I’ve already blown off a couple of social obligations. And I felt bad about turning down close friends so I could spend time working on my business school apps. But given the time crunch I’m in, and the number of schools I intend to apply to, I don’t think I have a choice. I need to put my head down and make significant progress these next four days.
Somehow I have a really bad feeling that my Christmas post is going to be along the same lines. However, I’ve promised myself that I will take time off in January when all my apps are done and visit my family then. And hey, hopefully by then, they will have reduced the number of “aggressive pat downs.”
My Thanksgiving plans are as follows:
- Finish my resume
- Finish my Haas app
- Finish 2 essays for Stanford
- Finish 2 essays for Wharton
- Complete my research on Stanford
- Complete my research on Wharton
- Preview all of my application forms
- Prepare my Recommenders for my remaining apps
- Refresh Contact List, prepare intro emails: EC, PC, VM
- Find more Essay Review contacts (family members?)
- Catch up on sleep
- Clean my apartment
Maybe I’ll grab a turkey sandwich. 😛 Oh the sacrifices we make…
I’m nearly finished with my Haas app. I’ve realized it’s a good idea to preview your application form and not leave this task just for the last week before the deadline. For example, Stanford requires you to calculate your class rank. My undergraduate university never provided a class rank with its grading. I had to call my school to get this figure. Haas requires you to calculate your third and fourth year GPA. Not a difficult thing to do if you have your transcript, but it still takes time. I think I’ll spend Thanksgiving making sure I can at least fill out all the information on all of my apps.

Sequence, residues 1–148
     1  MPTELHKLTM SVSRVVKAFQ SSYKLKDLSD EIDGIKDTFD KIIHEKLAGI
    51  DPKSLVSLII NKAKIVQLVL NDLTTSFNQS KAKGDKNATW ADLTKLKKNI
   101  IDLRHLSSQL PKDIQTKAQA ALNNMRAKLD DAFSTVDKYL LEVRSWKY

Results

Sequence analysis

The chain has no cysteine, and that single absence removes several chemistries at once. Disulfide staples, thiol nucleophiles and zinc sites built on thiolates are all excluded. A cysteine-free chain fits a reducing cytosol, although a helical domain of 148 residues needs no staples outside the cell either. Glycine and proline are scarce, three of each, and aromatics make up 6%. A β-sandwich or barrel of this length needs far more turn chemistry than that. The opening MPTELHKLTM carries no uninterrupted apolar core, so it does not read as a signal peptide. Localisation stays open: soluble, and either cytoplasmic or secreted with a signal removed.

Last night I spoke to a contact at Wharton. He went there a while ago and didn’t have current knowledge about the school, but he was still able to give me some really good pointers. He also suggested that I hire an admissions consultant. That one piece of advice made me think long and hard about whether or not it was worth it. People throw out numbers such as “half the people who get admitted used consultants,” but there are no numbers to back it up. Even if there were, I’d probably still be skeptical.
I’ve decided that I’m still probably not going to get an admissions consultant. However, I might purchase some essay review time from MBA Prep School. Their site seems to offer consulting services at a less personal level, but at a much more reasonable price. Given that I already spent $1,000 for a GMAT prep course, “premium prep” as I like to call it, I feel I can pull more of the weight myself this time around.